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Bon Jovi Baseball Ad Song Case Appealed


11/10/2009
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Bart Steele sent over this statement about an appeal he has filed in his lawsuit regarding the Bon Jovi Baseball commercial and a Red Sox theme he wrote. His initial case struck out, so he's heading back up to the plate with this appeal. Here is what he had to say: On Friday, November 6, 2009, I filed a Notice of Appeal to the First Circuit Federal Court, which marks a turning point in my copyright lawsuit. The defendants in the case include Turner Broadcasting, Major League Baseball, The Boston Red Sox, and Bon Jovi. These defendants are connected in many ways--Major League Baseball Advanced Media runs Bon Jovi's website.

My lawsuit is based on what I believe was the defendants' use of my Boston baseball playoff song "Man I Love This Team" as a temp track in the production of a commercial for Major League Baseball. The audio portion of that commercial was performed by Bon Jovi. I believe that commercial--both the visual images and the Bon Jovi audio-were derived from my song.

I sent my song to the Red Sox and Major League Baseball and told them I had written another version called "Man I Really Love This Town." In basic legal terms, what I believe defendants did was make an "unauthorized derivative work." Their MLB "I Love This Town" campaign was one of the most expensive sports commercials in history.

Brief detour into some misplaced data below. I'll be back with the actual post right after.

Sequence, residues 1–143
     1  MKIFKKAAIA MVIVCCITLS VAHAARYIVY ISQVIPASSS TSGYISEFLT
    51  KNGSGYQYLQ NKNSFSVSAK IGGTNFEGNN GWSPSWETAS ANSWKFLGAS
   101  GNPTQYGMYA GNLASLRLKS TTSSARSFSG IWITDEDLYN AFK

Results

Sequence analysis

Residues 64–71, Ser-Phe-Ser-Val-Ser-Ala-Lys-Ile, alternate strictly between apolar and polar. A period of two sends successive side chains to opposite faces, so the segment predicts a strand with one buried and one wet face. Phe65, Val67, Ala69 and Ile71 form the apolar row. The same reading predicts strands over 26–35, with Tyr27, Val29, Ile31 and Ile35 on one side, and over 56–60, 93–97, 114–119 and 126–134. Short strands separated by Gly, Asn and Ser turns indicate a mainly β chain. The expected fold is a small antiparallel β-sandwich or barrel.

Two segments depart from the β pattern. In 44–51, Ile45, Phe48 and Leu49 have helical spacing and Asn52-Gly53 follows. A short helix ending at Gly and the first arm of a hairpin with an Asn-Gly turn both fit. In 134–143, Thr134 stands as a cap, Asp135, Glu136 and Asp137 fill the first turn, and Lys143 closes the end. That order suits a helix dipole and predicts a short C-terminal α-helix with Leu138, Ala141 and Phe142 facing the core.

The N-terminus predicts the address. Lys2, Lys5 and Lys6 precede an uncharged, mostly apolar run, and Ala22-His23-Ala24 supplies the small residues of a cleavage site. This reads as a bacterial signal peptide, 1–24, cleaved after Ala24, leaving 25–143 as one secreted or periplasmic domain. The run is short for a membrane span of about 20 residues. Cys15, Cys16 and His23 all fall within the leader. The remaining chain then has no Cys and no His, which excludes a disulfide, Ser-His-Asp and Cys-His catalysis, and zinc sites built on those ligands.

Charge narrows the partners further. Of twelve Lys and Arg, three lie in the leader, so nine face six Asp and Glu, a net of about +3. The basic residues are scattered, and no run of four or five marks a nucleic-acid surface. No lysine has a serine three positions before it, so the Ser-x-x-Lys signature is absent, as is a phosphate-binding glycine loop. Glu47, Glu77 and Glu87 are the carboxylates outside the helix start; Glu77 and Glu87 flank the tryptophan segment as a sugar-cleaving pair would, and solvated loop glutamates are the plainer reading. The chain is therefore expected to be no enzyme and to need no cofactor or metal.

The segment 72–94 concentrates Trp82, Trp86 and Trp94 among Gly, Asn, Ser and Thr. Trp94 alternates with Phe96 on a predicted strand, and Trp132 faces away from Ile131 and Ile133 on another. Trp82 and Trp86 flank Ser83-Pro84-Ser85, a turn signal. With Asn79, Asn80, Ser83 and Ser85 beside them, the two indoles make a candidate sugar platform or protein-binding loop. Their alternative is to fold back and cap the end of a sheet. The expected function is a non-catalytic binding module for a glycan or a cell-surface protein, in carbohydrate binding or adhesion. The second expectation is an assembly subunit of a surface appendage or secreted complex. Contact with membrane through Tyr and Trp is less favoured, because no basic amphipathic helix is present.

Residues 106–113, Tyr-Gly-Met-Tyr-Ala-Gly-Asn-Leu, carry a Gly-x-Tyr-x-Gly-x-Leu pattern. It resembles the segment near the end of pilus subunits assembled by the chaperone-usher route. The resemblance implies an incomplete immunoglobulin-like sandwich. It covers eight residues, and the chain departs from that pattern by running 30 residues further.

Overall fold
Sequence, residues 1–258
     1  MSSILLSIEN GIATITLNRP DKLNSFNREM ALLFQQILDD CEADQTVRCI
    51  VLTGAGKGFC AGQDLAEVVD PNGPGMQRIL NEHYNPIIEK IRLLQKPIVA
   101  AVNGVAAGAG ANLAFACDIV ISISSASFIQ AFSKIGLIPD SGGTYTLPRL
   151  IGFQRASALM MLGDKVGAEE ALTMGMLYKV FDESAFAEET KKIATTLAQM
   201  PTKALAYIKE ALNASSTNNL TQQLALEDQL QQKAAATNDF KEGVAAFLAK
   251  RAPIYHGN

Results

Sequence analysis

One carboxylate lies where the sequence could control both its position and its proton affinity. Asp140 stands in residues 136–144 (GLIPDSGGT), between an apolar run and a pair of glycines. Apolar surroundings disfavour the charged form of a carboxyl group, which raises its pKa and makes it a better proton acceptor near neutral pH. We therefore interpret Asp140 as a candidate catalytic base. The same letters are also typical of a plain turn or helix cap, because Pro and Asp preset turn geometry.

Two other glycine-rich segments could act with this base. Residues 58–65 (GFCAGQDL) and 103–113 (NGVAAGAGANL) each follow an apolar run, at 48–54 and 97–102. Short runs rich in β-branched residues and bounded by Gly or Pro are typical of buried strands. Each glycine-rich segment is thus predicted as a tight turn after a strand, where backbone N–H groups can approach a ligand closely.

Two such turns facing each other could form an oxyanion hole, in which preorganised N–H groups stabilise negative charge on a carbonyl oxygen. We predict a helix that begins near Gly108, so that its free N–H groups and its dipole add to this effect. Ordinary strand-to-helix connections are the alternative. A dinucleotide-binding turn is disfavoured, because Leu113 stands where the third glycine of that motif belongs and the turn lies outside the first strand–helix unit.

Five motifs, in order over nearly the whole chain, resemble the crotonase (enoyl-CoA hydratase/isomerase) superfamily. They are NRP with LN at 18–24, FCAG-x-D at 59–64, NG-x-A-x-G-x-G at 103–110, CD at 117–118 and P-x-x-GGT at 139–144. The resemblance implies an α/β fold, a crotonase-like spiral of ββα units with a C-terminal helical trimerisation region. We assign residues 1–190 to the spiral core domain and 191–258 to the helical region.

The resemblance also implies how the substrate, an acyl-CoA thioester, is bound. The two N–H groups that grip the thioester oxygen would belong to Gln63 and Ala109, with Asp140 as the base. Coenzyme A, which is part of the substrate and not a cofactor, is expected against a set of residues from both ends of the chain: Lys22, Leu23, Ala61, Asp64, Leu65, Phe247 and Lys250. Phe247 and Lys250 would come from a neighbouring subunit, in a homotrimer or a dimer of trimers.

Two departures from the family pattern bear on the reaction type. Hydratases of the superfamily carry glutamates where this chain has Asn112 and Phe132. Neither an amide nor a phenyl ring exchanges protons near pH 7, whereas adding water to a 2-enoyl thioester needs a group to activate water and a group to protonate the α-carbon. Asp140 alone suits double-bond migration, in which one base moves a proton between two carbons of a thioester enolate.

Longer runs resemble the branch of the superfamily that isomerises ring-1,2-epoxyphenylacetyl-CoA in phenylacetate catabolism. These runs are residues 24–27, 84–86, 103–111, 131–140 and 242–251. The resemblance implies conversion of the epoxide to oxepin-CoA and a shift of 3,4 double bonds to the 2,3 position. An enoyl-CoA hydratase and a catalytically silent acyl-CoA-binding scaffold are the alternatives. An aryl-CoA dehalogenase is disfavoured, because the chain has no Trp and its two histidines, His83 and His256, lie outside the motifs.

The easiest way to understand what they did is to watch the commercial, with my song substituted for the Bon Jovi audio, and see how well it matches up. Boston Magazine described this as "advertising's equivalent of Dark Side of the Moon and The Wizard of Oz." Actually, it's worse. Watch the commercial with my song (link Posted below) and decide for yourself. The documents I filed with the trial court contain extensive detail about the similarities, but here are just a few:

- at the exact time I am singing "Yawkey Way", the video shows a Yawkey Way street sign, and Bon Jovi is singing "this street"

-at the exact time I sing "Tigers", the video shows a Detroit Tigers player

-over 50% of the commercial's lyrics are identical to, or paraphrased from, my song

-96% of the commercial's frame cut editing is in perfect synchronization with my song's tempo, beat and measure

-the commercial and my song are exactly the same length.

As you watch and listen for yourself, keep in mind that the defendants claim the commercial was a wholly independent creation, neither copied from nor influenced by my song. Yet, at the same time they admitted they had access to my song. They claim that any similiarities (and there are many-see for yourself) are mere coincidence. You decide. watch it here



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